Wesselsbron virus (WESSV) is a mosquito-borne virus of the family Flaviviridae, genus Flavivirus, that is widely distributed in Africa. WESSV infection causes Wesselsbron disease in sheep and cattle. The virus was first isolated in 1955 in South Africa from the brain of a dead lamb during an outbreak in Wesselsbron District in the Free State Province and from a febrile human and mosquitoes in the Natal Province.1,2 In sheep, the disease is clinically similar to Rift Valley fever (RVF), which is caused by RVF virus (RVFV) infection and often results in abortions and 20% mortality in pregnant ewes.3 Outbreaks of WESSV may go unnoticed because they are often concomitant with RVF epidemics,2 and therefore the incidence may be underestimated. In humans, infection typically presents as influenza-like illness causing arthralgia, myalgia, and fever during a short and mild acute phase.4 However, occupational exposure via the ocular mucosa occurred in a laboratory worker resulting in neurological symptoms, including intense headache, slurred and repetitive speech, severe muscle spasms, and memory loss, with fever of 40°C, abdominal pain, and liver tenderness. Complete symptom resolution took several weeks with memory loss and joint pain lasting a particularly long time.5
In addition to humans, WESSV has been isolated from several livestock species, including camels, cattle, pigs, donkeys, sheep, and horses, and serological evidence of infection has been found in small mammals, dogs, nonhuman primates, birds, and wild ruminants.4 WESSV has been isolated from mosquitoes collected in South Africa, Botswana, Zimbabwe, Uganda, Mozambique, Cameroon, Central African Republic, Mauritania, Senegal, Nigeria, Democratic Republic of the Congo, and Madagascar.6 The virus is most frequently associated with Aedes species mosquitoes, with a few isolations reported from Culex (Culex), Mansonia (Mansonioides), and Anopheles (Celia) mosquitoes and one isolation reported from an Ixodid tick. Aedes subgenera from which WESSV has been isolated tend to follow a geographic pattern with Ae. (Neomelanoconion) predominating in southern Africa, Ae. (Aedimorphus) in East Africa, and both Ae. (Adm) and Ae. (Stegomyia) in West Africa, with reported isolations from several species in each subgenus.4
The only reported isolation of WESSV in Uganda occurred in 1966 from a pool of unspeciated Ae. (Adm) mosquitoes collected in the West Nile District (now the West Nile subregion) of northwest Uganda (Figure 1).7 Here we report the isolation and genomic characterization of WESSV by the arbovirus laboratory at the Uganda Virus Research Institute, from mosquitoes collected in Kabale District in southwest Uganda in 2016, after the laboratory confirmation of two human cases of RVF.8 After confirmation of the RVF cases, an entomological investigation was performed in Kabale District to determine the epidemic/epizootic vectors of RVFV. The entomological surveillance focused on factors contributing to the epidemic—specifically, mosquito species composition, abundance of known and potential mosquito vector species, and virus testing to identify species most likely involved in virus transmission in the affected areas. The overall goal was to learn more about the vectors involved in RVFV maintenance and transmission during outbreaks to generate information that could be used to forecast risk and facilitate improvement of prevention and response tools for use in preventing or controlling future outbreaks.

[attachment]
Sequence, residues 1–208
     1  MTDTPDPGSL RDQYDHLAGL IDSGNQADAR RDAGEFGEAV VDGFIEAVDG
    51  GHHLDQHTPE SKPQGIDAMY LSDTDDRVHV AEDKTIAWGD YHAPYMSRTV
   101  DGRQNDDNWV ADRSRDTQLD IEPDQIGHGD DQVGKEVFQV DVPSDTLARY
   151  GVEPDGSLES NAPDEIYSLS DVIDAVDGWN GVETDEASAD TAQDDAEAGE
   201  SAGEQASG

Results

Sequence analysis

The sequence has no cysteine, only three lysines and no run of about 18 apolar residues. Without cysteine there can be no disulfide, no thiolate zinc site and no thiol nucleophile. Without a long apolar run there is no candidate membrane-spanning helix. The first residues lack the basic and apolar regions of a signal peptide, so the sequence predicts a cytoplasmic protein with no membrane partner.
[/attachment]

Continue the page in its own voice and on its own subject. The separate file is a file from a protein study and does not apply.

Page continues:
Mosquitoes were collected from five sites in areas where confirmed or suspected RVF cases were previously reported.9 The mosquitoes were sampled using CDC miniature light traps (Clarke Mosquito Control, Roselle, IL) with dry ice as a source of carbon dioxide and an attractant as previously described.10 Mosquitoes trapped in overnight collections were immobilized by freezing on dry ice for a few minutes, immediately counted, and placed in cryotubes. Cryotubes in boxes were transported in liquid nitrogen dry shippers to the arbovirus laboratory at the Uganda Virus Research Institute. There the mosquitoes were identified on ice to species based on morphological characters using various taxonomic keys as described previously.10 Identified mosquitoes were pooled (≤ 25 mosquitoes per pool) by species, sex, gravid or engorged status, collection date, and site and frozen at −80°C for later testing.
A total of 298 pools (9,950 mosquitoes representing 33 species from six genera) were collected from five locations: Bugongi village near the home of the first confirmed human case, Kamuganguzi subcounty near the home of the second confirmed human case, Rubaya subcounty in the home of a probable human case, Kitumba subcounty near Kabale town council, and in Bubaale subcounty near Lake Bunyoni.9
The mosquito pools were homogenized and clarified by centrifugation in 2-mL conical microcentrifuge tubes.9 Clarified homogenates were immediately processed further or stored at −80°C. All mosquito supernatants were first tested for RVFV by reverse transcription polymerase chain reaction (RT-PCR).9 Negative RVFV supernatants were then tested for other infectious viruses by inoculating 100 µL on Vero cells in six-well plates and overlaid with nutrient agarose in a modified plaque assay.11 Plates were overlaid a second time with nutrient agarose containing neutral red stain 4 days after inoculation and followed for up to 10 additional days to observe for plaque formation. Two wells, one each from homogenates of Ae. (Adm) tricholabis (pool 5215) and Ae. (Adm) gibbinsi (pool 5236) exhibited plaques on day 4 post-inoculation. These wells were harvested on day 6 by removing the agarose plug and washing the monolayer with 0.5 mL BA-1 medium.12 Putative viruses were amplified by infecting Vero cells in 25-cm2 flasks with 100 µL of plaque isolate.13 Flasks were observed for cytopathic effects and supernatants harvested on day 6 after inoculation.